Friday, May 12, 2006

Endless Lawsuits, Part 23

An Advocate story this morning points to yet another lawsuit filed by the class-action lawyers out of Plaquemine. This one demands Lafayette construct rules for rate complaints so they can get about their business of contesting rate increases years ago by blocking the current sale of LUS' fiber optic bonds. (They've constructed some tenuous connection there--a connection that, apparently, does not apply to any of the other sets of bonds LUS is in the process of selling. Sounds suspicious? It does to me, too.)

This is the same meddlesome bunch that filed a lawsuit prior to the referendum that tried (and failed) to convince various and sundry courts to hear their case and allow them to paw through LUS' records. Class action lawsuits have often been used as fishing expeditions through corporate records--something of which Cox and BellSouth are painfully aware. Turning the tactic against a local public utility was a new twist in this tale.

When the original lawsuit was filed it was pretty clearly part of the incumbent's efforts to drum up public FUD about LUS' in lieu of tax payments. That bit of propaganda gained no traction with the voters. That lawsuit was an obvious legal clone of BellSouth's suit de jure recast in the form of a class action lawsuit. The legal similarity was so striking that Judge Ware dismissed the case because he understood that BellSouth had already lost the same argument in Conque's court.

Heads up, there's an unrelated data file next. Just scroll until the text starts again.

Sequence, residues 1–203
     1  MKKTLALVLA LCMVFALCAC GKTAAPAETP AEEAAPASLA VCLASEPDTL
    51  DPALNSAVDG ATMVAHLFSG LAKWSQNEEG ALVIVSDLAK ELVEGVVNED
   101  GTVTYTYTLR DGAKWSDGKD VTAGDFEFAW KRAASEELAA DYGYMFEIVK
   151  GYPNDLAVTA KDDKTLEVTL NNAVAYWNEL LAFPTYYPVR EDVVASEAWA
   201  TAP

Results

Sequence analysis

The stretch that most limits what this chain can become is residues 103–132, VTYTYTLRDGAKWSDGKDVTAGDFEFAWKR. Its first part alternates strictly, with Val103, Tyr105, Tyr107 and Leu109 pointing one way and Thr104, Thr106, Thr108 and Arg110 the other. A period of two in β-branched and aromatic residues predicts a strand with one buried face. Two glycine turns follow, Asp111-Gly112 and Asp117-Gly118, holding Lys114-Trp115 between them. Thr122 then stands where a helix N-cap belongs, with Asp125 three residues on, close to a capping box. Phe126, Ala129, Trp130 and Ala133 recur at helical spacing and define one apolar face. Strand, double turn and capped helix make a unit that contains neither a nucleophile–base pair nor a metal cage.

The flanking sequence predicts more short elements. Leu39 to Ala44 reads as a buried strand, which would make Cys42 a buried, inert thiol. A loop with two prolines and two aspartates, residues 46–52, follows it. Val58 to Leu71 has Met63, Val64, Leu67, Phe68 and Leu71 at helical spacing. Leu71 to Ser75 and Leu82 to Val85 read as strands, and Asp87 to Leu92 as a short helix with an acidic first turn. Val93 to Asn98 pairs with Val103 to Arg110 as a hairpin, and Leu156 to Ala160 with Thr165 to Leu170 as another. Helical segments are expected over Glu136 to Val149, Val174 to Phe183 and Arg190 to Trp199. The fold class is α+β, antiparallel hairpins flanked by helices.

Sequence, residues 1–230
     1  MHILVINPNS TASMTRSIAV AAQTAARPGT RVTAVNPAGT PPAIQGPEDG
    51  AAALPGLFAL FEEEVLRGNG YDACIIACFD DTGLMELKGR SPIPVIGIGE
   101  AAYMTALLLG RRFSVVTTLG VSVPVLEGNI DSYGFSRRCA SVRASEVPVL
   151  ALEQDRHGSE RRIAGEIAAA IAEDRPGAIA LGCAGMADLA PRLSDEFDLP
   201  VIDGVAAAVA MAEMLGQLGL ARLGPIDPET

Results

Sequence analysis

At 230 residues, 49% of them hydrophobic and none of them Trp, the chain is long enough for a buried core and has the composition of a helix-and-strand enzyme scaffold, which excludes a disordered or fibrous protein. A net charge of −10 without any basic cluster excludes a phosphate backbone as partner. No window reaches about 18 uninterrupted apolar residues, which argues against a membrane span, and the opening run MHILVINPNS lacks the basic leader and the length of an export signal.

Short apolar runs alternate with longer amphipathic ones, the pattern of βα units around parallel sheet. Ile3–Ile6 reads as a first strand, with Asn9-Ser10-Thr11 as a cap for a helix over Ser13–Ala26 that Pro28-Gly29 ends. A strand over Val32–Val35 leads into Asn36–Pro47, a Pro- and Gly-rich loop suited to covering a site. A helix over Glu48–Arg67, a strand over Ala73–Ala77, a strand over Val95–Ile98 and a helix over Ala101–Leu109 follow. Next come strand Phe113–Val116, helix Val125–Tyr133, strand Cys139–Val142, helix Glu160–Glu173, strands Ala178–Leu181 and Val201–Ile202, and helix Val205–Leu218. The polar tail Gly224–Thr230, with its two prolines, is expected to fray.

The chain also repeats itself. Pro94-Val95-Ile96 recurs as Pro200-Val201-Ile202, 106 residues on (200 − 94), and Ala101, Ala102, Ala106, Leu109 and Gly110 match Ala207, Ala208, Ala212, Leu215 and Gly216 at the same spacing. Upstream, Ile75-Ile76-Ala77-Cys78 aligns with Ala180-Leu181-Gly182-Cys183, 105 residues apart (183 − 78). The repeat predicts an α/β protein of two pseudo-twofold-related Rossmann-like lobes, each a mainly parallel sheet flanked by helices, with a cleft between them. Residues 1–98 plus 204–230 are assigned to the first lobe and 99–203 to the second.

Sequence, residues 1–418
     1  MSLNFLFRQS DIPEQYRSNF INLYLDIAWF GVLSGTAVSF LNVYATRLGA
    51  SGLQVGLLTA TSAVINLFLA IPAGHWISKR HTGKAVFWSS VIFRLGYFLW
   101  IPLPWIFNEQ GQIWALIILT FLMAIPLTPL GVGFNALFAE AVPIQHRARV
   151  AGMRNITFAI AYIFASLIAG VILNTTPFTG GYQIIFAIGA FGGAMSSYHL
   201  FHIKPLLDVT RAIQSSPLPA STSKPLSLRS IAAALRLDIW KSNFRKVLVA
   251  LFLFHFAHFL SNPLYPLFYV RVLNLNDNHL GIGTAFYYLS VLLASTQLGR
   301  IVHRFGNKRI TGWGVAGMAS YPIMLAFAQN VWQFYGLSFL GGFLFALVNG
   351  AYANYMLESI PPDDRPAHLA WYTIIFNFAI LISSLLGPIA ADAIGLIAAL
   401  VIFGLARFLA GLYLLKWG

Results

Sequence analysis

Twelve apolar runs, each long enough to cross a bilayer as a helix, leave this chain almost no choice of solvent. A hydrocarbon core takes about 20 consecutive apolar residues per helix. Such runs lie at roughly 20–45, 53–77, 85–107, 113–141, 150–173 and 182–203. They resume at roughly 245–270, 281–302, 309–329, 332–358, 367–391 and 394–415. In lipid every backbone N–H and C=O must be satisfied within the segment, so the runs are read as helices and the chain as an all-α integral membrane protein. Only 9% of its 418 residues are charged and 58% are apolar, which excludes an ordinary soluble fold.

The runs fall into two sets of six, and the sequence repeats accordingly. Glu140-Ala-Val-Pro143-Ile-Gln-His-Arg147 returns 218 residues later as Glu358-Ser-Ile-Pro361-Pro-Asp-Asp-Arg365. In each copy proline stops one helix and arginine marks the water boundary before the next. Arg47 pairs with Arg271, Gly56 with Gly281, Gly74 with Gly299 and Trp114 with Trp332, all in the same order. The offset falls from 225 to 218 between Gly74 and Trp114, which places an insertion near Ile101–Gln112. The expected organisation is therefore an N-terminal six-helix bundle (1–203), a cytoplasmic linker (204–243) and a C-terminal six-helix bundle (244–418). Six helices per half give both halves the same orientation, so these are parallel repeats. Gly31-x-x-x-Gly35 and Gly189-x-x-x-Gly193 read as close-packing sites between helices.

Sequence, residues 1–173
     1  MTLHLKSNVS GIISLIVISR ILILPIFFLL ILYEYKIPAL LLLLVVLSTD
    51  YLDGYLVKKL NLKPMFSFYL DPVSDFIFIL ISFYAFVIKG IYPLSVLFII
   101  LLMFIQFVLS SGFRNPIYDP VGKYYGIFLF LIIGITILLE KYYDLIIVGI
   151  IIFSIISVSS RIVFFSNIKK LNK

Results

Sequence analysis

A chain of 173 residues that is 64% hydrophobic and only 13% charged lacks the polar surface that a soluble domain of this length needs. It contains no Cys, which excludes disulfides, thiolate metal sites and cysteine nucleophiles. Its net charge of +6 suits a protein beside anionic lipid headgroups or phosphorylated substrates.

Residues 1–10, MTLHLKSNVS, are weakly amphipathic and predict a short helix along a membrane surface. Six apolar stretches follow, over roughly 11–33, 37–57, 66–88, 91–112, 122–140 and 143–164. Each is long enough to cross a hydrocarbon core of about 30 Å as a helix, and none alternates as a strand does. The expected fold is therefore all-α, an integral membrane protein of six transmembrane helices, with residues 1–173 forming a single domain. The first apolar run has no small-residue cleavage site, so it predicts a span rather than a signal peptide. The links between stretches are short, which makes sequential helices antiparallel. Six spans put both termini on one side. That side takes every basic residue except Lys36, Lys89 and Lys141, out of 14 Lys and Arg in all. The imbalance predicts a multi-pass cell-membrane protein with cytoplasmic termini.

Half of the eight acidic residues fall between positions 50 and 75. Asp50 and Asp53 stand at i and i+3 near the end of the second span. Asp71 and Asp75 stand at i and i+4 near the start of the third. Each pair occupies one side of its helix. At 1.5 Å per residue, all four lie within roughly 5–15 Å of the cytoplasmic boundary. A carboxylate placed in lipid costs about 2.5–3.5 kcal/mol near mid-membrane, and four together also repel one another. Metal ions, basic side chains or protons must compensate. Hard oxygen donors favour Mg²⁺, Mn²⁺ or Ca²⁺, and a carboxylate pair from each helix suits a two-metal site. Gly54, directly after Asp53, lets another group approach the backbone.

The current lawsuit does the same thing that the lawsuit that BellSouth and Cox let die as part of their deal with LUS/LCG: it seeks to block the sale of the bonds that would allow LUS to begin building the system the people of Lafayette voted for last July 16th.

The Eastin-Naquin class action lawsuits have always been creatures of BellSouth and, LUS/LCG's "deal" not withstanding, this one is too. Make no mistake, BellSouth and perhaps Cox are behind this baby and it's new offspring.

If the incumbents actually believed they could effectively compete they would. This endless round of lawsuits and lawsuits to support the lawsuits is evidence that they fear the idea LUS represents--and don't care what the people of Lafayette think of them.

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